Tag Archives: Manchester Street

Christchurch Resurgent [4]

Wednesday 2nd November 2011.

The traffic was difficult along St Asaph Street, most of its length between Madras and Montreal Streets reduced to one lane. But all streets, it seems, are difficult to negotiate these days, sometimes wide open, sometimes down to one or two lanes, sometimes closed entirely, and changing from day to day. Salisbury Street, which is now the main west-east route, has been like a slalom course these last couple of weeks, and Edgeware Road is still closed at the Barbadoes Street end. I managed to get a car park in the Wilson’s park on the corner of Cashel Mall and Oxford Terrace, despite the streams of traffic. This was because I was there by 1000am. Another half an hour and it was full up.

Simply New Zealand's pop-up shop, Cashel Mall.

Looking around, I tried to work out where I was parked; I think that I was over what had been the toilets of The Bog, the very popular Irish Bar at the bottom of Cashel Mall. What sort of an idiot would call his pub The Bog, I ask you? “I’m going for a couple of pints at The Bog” is like saying “I’m off for beer in The Kharzi”, or “I’m off for a drink in The Dunny.” It did not seem to put people off, however. People must be getting more and more desensitised to the finer feelings.

Not that people were being put of from coming to the Mall, it seems, despite the weather. After several days of warm spring sunshine and balmy breezes we had rain over night, with more impending, and a cold southerly breeze was blowing by the time I got to the Mall. Not only that, according to the Press, the conditions were right for a tornado! A tornado, if you please! Earthquakes! Snow storms! Now a tornado! Whatever next? Do you ever get the feeling that Someone is pissed off with you? Not that it happened, of course, the weather man being wrong again, as usual, and the weather picked up as midday approached. It was not that busy when I arrived, and people were walking purposefully, not dawdling, but by noon it was warm and sunny, people were thronging in and it was smiles all round. The shops were busy, the cafes doing a roaring trade.

Lavender plants enjoying the sun.

Even the plants seemed to be cheerful. The Horticultural Society had organised planter boxes up and down the Mall, and along Oxford and Cambridge Terraces, bring colour to a once-drab area. The lavender is looking particularly healthy, and the bedding plants that a couple of days ago were lying down, collapsing in the heat, had stiffened up, leaves firm and happily absorbing the warm sun. Thanks to the overnight rain, the new flower beds were well soaked. These have been dug out at a number of spots around what we now think of as Cashel Village, and there is something deeply symbolic in the sprouting of little plants in such sere and forgotten soil.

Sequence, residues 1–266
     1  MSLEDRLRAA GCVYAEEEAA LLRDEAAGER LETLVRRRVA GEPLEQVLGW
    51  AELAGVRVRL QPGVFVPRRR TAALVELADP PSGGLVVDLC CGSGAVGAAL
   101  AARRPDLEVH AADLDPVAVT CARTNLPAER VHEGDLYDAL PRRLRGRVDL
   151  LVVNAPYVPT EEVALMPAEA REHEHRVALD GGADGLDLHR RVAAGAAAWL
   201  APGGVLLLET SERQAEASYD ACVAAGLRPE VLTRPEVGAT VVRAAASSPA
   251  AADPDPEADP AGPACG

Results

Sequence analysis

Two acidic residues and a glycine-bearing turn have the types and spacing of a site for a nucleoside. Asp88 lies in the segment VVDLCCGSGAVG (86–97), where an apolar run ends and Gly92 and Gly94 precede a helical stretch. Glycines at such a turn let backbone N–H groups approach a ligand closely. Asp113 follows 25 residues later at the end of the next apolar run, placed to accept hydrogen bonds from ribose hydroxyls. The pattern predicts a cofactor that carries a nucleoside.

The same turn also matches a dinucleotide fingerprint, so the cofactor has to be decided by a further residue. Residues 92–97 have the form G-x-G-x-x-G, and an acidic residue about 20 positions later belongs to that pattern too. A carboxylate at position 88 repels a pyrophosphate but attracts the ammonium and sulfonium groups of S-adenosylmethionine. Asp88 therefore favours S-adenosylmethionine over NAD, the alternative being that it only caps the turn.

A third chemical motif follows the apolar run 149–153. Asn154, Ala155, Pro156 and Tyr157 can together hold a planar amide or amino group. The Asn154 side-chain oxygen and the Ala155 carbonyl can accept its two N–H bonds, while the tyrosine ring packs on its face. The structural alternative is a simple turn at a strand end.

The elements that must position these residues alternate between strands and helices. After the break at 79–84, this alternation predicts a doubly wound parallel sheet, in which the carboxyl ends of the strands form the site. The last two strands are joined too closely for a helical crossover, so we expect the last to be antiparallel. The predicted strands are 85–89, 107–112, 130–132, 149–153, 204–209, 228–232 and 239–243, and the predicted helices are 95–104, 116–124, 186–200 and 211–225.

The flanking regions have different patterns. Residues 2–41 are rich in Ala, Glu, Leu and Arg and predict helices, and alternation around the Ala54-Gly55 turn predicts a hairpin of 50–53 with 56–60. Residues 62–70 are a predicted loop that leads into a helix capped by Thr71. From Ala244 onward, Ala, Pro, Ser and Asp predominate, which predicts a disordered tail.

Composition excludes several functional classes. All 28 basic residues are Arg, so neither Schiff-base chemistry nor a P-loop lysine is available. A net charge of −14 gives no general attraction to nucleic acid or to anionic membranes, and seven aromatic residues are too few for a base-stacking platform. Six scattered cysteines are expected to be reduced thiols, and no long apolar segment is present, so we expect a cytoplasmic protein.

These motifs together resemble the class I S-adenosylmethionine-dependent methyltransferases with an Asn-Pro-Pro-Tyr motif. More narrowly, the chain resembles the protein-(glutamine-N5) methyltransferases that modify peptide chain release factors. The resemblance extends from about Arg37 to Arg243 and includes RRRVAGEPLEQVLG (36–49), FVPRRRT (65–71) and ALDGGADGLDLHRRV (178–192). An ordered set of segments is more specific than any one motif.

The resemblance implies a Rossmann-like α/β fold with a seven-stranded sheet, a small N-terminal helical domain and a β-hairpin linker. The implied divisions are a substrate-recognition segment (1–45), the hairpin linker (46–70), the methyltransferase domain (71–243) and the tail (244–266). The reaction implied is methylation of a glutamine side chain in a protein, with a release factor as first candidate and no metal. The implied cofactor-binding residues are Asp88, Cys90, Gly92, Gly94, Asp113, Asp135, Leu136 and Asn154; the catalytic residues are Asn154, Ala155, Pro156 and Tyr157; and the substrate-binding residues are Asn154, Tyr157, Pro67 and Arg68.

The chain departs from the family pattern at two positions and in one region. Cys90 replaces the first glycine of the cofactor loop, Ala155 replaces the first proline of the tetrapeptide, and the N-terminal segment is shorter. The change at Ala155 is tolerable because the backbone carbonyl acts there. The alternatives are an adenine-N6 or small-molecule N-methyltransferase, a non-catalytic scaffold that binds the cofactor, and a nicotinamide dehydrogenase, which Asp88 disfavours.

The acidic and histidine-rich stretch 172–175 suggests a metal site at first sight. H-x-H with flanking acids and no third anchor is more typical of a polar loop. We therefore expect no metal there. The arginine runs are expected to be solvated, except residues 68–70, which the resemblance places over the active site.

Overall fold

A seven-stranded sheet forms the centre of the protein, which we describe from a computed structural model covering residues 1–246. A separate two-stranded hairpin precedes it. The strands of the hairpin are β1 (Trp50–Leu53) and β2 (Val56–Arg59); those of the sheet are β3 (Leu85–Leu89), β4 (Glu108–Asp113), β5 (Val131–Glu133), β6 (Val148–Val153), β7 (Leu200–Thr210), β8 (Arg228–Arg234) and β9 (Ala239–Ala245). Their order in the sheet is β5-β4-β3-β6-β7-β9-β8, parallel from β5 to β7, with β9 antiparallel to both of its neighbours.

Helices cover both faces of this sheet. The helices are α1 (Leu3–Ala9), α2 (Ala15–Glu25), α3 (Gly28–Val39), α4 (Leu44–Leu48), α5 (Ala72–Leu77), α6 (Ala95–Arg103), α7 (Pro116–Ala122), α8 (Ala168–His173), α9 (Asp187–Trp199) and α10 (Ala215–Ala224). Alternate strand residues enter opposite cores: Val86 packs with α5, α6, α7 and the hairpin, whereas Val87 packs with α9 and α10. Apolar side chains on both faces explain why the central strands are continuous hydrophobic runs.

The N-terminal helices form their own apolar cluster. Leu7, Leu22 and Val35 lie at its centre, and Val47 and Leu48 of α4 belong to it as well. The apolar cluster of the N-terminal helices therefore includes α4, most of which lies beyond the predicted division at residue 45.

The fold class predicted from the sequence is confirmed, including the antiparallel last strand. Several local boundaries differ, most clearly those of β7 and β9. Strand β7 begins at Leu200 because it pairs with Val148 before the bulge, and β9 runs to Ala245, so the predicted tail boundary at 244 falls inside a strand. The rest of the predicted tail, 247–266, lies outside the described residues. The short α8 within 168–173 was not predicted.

Cashel Street was the first City street in Christchurch to be fully built-up. By 1860, its course from the River to Tattersall’s Hotel [about where the Cashel Street Car Park building is now] being completely covered with shops, offices, pubs and the like. The flowers now springing up in beds on ground once occupied by Whitcoulls [formerly Whitcombe and Tombs] on one side and the Guthrey Centre on the other are in soil that has not seen the sun for over one and a half centuries. Life returns anew, despite everything outside forces do to suppress it. Everything seems positive and dynamic, and wandering around the Village, one’s spirits lift into the warm spring sunshine. But at the ends, things are still as they were; debris and destruction, and long stretches of eerie nothingness.

Visions of solid progress and returning vitality are inspiring, but the occasional glance beyond the

Manchester Street looking north from St Asaph Street.

ever-present barrier fences serves to remind us that we have a very long way to go yet. Gloucester Street, Hereford Street, Armagh Street, Litchfield Street, all visible along their stretches from the Mall or Cambridge Terrace, extend into the distance, devoid of any life except the occasional figure in reflective jacket and yellow hat, and the grinding and grumpling of the machines that devour the carcases of the buildings on either side. Whatever is coming, it is going to be a very long time before it arrives, but one virtue that Cantabrians are cultivating is that of patience.

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